Gerald Leslie Brockhurst (1890-1978)
|Artist Name||Gerald Leslie Brockhurst (1890-1978)|
|Title||Portrait of Hope G. Simpson|
|Description||This superb British realist portrait oil painting is by noted artist Gerald Leslie Brockhurst. It was painted in 1952 when Brockhurst was in his sixties and living in America since 1939. The sitter is Hope G. Simpson. The painting is a half length portrait of a striking blonde woman in a blue buttoned up Chinese style garment. It is a strong portrait with bold colours and confident brushwork and an excellent example of his work.
Signed and dated 1952 lower right.
|Provenance||Hiram Hoelzer New York label verso.
Portraits Inc. East Street new York. Label verso.
|Medium||Oil on Canvas|
|Size||25 x 30 inches|
|Frame||Housed in its original wooden frame, 37 inches by 32 inches and in good condition.|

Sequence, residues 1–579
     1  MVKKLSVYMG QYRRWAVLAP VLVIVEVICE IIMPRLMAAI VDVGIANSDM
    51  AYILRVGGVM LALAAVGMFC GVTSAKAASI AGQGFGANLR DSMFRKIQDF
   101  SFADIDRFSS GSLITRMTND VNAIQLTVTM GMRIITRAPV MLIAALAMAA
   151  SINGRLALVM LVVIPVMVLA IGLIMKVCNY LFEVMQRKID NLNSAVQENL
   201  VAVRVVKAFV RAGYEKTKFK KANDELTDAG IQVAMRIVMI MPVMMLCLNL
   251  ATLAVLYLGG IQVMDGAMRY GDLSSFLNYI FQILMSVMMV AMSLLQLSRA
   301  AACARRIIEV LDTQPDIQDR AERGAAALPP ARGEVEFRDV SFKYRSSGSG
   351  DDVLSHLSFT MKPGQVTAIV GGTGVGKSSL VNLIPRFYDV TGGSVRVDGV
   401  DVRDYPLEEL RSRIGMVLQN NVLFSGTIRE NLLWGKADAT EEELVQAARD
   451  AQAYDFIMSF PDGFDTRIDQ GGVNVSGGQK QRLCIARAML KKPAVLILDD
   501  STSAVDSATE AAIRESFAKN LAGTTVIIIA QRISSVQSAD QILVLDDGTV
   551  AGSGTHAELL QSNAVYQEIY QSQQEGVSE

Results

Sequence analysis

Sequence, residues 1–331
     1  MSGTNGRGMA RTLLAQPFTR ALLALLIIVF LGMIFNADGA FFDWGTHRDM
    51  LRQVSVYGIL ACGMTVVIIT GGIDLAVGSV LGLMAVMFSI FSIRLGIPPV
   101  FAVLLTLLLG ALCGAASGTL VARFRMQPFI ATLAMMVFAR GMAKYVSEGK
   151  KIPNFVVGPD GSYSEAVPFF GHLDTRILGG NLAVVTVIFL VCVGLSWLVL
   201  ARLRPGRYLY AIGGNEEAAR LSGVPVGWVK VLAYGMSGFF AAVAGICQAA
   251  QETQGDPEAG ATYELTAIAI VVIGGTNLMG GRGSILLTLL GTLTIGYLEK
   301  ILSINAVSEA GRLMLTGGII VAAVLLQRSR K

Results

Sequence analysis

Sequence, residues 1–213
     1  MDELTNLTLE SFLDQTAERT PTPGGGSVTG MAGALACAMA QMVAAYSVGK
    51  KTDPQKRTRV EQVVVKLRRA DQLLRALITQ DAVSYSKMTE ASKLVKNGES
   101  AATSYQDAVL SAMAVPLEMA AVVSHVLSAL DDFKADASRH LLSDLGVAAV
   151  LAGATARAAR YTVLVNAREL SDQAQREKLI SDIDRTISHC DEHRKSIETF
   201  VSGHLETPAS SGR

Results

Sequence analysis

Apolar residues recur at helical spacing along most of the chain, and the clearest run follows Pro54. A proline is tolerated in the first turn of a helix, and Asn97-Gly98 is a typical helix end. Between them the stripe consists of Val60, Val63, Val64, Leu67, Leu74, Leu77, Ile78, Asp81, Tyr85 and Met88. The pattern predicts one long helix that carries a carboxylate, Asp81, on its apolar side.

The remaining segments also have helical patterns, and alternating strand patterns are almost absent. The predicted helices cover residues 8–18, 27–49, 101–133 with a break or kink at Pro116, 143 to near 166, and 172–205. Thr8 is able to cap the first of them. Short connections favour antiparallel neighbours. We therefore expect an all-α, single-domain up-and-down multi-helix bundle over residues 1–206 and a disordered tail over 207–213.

|Biography||Gerald Leslie Brockhurst (1890-1978) was a British painter and etcher. Brockhurst was born in the Edgbaston district of Birmingham on 31 October 1890, son of a coal merchant called Arthur Brockhurst, he soon showed precocious drawing skills and entered the Birmingham School of Art at the age of twelve. A pupil at the Royal Academy Schools in 1907, he won the gold medal and a travelling scholarship in 1913, enabling him to visit both France and Italy. This led to a closer study of such 15th-century artists as Piero della Francesca, Botticelli and Leonardo da Vinci, whose work had an abiding influence on him. In 1914 he married for the first time to a Frenchwoman, Anaïs Folin, whom he used as the model for most of his early etchings of young womanhood (especially from 1920 till 1934). From 1915 to 1919 Brockhurst and his wife Anaïs lived in Ireland, where they were friendly with the artist Augustus John and his circle. Though he tried his hand at etching in 1914, it was not until 1920 that he began his career as an etcher in earnest, eventually achieving success as both a printmaker and society portraitist. Brockhurst held his first important exhibition in 1919, in London, and after it was well received returned to live there. In 1921 he was one of the early members of the newly-formed Society of Graphic Art and exhibited with them. Throughout the 1930s he continued an increasingly successful career as a portrait artist, with notable sitters including the film stars Merle Oberon and Marlene Dietrich, as well as the Duchess of Windsor, whose husband commissioned her portrait. In 1937 Brockhurst was elected to the Royal Academy and was able to command a price of 1,000 guineas for a portrait. In the same year however details of his relationship with his young model Kathleen Woodward, whom he had renamed Dorette, were made public after she gave an interview to the Sunday Express. Brockhurst's marriage had previously come under strain in 1922 when his wife discovered his adultery with her sister, Marguerite, and now broke down acrimoniously, with Brockhurst counter-suing on the grounds of his wife's adultery. In August 1939 Brockhurst and Dorette moved to the United States, and he was eventually divorced from his first wife in 1940. He married Kathleen in 1947. In New York City, Brockhurst became both famous and rich with a series of society portraits but his printmaking output diminished, especially his etchings. He produced a few lithographs at the end of his career (around 1945). In 1951, he was elected into the National Academy of Design as an Associate member. In 1958, he appeared as a guest challenger on the TV panel show To Tell The Truth, which is viewable on YouTube. Brockhurst and Dorette settled in Franklin Lakes, New Jersey, and Brockhurst died there on 4 May 1978. Kathleen ‘Dorette’ Woodward, died in 1996.|